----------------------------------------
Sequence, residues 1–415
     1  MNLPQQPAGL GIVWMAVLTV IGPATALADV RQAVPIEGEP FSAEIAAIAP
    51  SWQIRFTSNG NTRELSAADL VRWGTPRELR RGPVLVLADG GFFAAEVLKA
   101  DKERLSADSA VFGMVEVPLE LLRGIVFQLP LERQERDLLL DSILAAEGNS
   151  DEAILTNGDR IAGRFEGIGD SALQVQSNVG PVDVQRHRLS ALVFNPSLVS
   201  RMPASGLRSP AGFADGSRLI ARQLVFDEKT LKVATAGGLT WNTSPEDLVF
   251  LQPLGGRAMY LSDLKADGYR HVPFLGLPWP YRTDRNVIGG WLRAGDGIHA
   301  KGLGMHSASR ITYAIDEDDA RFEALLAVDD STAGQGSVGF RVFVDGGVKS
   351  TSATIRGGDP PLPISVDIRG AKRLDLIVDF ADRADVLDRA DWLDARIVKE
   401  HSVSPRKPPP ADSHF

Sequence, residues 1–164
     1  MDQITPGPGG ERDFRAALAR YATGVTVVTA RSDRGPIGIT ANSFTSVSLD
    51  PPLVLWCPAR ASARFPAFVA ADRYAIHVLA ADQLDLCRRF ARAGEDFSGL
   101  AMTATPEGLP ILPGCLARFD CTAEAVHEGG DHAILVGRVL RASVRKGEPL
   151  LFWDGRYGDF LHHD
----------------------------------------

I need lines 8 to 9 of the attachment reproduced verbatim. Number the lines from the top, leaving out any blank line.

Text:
   301  KGLGMHSASR ITYAIDEDDA RFEALLAVDD STAGQGSVGF RVFVDGGVKS
   351  TSATIRGGDP PLPISVDIRG AKRLDLIVDF ADRADVLDRA DWLDARIVKE